Sumatran elephants (Elephas maximus sumatranus) differ morphologically, anatomically and genetically from all other subspecies of the Asian elephant. Together with the Borneo elephants, they are the smallest elephants on our planet, even if individual animals can still reach over 2.5 meters shoulder height and weigh more than 3 tons. Their skin is usually less depigmented than that of their relatives, and almost all bulls have externally visible tusks ("tuskless" bulls occur, but are comparatively rare). Instead of the usual 19, Sumatra elephants have 20 pairs of ribs, and they are genetically very different from all other subspecies - so much that the monophyletic group of Sumatran elephants is considered a separate "Evolutionary Significant Unit" (ESU). Crossing with other subspecies in breeding programs should therefore be avoided, and the protection and conservation of the remaining wild Sumatra elephants is of high priority in species conservation.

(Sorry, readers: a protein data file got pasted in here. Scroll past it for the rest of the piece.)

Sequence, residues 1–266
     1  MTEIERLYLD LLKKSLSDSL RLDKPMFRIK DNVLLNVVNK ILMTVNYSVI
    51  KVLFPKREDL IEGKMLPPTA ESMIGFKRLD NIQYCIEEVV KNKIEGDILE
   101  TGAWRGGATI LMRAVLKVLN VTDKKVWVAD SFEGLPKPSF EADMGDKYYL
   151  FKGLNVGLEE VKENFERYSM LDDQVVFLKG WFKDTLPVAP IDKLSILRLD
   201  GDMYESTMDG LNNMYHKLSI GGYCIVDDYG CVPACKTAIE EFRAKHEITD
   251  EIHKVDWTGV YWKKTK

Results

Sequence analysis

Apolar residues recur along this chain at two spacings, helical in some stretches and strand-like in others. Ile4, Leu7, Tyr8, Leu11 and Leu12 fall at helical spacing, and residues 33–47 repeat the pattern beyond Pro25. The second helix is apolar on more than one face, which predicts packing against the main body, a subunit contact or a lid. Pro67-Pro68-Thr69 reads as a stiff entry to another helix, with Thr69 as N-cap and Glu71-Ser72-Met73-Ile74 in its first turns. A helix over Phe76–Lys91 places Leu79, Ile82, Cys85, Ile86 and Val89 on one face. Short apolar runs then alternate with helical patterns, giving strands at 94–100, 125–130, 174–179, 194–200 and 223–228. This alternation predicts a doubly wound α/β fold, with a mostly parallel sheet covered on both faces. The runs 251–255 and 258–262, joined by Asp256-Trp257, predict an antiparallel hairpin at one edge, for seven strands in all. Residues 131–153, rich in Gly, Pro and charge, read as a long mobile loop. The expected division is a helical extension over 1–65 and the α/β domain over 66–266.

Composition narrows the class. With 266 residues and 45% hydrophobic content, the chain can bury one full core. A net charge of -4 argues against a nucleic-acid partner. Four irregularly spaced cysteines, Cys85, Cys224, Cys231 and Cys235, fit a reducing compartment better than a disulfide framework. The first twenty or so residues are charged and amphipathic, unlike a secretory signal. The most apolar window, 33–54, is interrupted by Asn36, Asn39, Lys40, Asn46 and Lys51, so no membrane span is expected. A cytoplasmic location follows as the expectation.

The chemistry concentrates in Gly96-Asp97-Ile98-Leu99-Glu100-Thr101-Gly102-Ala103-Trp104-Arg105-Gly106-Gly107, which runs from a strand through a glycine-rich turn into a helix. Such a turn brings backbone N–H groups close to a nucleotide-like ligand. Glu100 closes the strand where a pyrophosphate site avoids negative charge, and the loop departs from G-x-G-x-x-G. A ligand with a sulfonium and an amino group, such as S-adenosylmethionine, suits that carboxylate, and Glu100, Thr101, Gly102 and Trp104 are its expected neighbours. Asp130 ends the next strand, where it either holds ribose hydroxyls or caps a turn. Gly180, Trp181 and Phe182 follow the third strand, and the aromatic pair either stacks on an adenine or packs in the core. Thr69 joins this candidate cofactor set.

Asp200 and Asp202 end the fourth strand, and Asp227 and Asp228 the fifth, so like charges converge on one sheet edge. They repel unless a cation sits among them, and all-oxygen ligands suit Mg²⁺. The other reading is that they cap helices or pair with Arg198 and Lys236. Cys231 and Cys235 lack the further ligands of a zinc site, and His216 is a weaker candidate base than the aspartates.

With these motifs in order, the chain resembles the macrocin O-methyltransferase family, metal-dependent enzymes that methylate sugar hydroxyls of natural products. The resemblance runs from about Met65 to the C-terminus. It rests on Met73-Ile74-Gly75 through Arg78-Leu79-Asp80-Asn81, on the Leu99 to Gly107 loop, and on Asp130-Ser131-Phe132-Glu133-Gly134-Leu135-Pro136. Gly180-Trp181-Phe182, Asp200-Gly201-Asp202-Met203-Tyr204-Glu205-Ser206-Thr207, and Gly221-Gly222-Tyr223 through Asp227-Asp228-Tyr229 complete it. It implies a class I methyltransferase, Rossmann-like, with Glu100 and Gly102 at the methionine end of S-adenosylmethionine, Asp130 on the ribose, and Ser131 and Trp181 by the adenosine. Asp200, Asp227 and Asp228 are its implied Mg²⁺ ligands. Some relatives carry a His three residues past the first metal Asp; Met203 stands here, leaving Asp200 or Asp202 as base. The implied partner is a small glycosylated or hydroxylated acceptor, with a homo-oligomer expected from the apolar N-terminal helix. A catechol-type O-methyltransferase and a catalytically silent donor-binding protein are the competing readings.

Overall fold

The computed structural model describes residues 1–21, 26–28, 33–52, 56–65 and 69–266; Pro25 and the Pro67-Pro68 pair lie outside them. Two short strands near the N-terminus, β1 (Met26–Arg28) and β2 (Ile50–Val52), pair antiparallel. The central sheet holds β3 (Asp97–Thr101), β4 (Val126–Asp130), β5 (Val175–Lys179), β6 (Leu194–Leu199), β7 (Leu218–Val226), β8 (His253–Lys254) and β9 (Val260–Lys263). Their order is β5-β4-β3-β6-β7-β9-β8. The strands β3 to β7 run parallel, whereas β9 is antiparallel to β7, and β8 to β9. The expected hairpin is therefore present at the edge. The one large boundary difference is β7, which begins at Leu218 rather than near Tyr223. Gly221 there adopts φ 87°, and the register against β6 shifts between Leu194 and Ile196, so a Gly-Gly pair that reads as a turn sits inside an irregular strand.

As their name suggests, Sumatran elephants are only found on the Indonesian island of Sumatra. With the exception of a few steep mountain forests, the animals, which are well adapted to their tropical habitat, were once numerous and distributed all over the island. For thousands of years, Sumatra elephants and humans lived peacefully side by side in the dense rainforest.
The first reports of Sumatra elephants in captivity date back to the 17th century. However, only few animals were caught at that time for the king of Aceh, the total population of elephants was hardly decimated. That changed during the 350 years of Dutch occupation, when thousands of elephants were killed for their ivory and as a "sport". The free-ranging population shrank dramatically over time to an estimated 3,600 elephants (estimated based on the amount of ivory exported - which says a lot about the time). Fortunately, this madness was finally put to an end and the Sumatra elephant came under protection in 1931.
Unfortunately, the law was unable to protect the elephants adequately and permanently. Today there are hardly more than 1000 free-roaming elephants on Sumatra, almost all of them live in very small and isolated populations spread over the island. Even though Elephas maximus sumatranus currently enjoys the highest protection status in the country: threatened by habitat loss, poaching, inbreeding, and conflicts with agriculture and industry, the future of the Sumatra elephant is uncertain. More and better protective measures are urgently needed so that these wonderful animals get a real chance of survival!